Libel tourism bill passes House Judiciary Committee

Samantha Fredrickson | Libel | Feature | June 12, 2009

The House Judiciary Committee on Thursday passed a bill aimed at dulling the domestic effects of so-called "libel tourism," whereby plaintiffs seek out countries with heavy-handed defamation laws in which to sue over publications they don't like.

The bill that passed, H.R. 2765, put forth by Rep. Steve Cohen (D-Tenn.), would prevent American courts from recognizing foreign libel judgments that are deemed "repugnant" to the First Amendment. It does not go as far as two other libel tourism bills under consideration in Congress, both of which would allow libel defendants to counter-sue the plaintiffs who bring such claims against them in foreign courts.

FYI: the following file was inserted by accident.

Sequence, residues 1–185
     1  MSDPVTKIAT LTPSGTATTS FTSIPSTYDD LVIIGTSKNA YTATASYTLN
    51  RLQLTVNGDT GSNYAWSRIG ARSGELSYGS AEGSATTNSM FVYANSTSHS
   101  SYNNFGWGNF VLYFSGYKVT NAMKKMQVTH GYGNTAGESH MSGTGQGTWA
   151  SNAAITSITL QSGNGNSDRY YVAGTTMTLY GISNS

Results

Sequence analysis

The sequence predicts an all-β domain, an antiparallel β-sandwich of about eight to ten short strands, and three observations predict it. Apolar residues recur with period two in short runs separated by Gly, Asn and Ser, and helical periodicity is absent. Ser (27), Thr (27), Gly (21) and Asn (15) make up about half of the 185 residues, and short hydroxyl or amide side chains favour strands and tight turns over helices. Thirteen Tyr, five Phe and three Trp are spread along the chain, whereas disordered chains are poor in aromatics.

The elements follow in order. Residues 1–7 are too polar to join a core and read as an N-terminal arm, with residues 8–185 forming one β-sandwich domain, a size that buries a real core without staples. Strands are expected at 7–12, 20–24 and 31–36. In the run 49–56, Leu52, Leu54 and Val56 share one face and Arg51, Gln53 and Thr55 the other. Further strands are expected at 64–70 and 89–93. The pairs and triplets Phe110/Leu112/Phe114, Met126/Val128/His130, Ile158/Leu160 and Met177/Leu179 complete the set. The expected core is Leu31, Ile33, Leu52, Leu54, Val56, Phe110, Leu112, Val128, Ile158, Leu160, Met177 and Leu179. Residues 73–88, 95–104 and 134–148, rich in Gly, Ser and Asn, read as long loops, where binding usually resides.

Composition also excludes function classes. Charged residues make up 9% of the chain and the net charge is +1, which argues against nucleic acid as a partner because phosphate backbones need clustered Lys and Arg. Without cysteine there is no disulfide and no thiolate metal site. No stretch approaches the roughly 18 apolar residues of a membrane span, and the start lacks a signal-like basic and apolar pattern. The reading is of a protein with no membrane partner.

Those bills -- H.R. 1304, sponsored by Rep. Peter King (R-NY), and S. 449, sponsored by Sen. Arlen Specter (D-PA) -- have not yet been put to a vote.

Cohen’s bill passed the full House last September, but that was as far as it got before the congressional session ended.  

All three of the libel tourism bills were introduced after New York author Rachel Ehrenfeld was ordered by a British court to pay 30,000 British pounds in a libel lawsuit brought by billionaire Saudi businessman Khalid bin Mahfouz.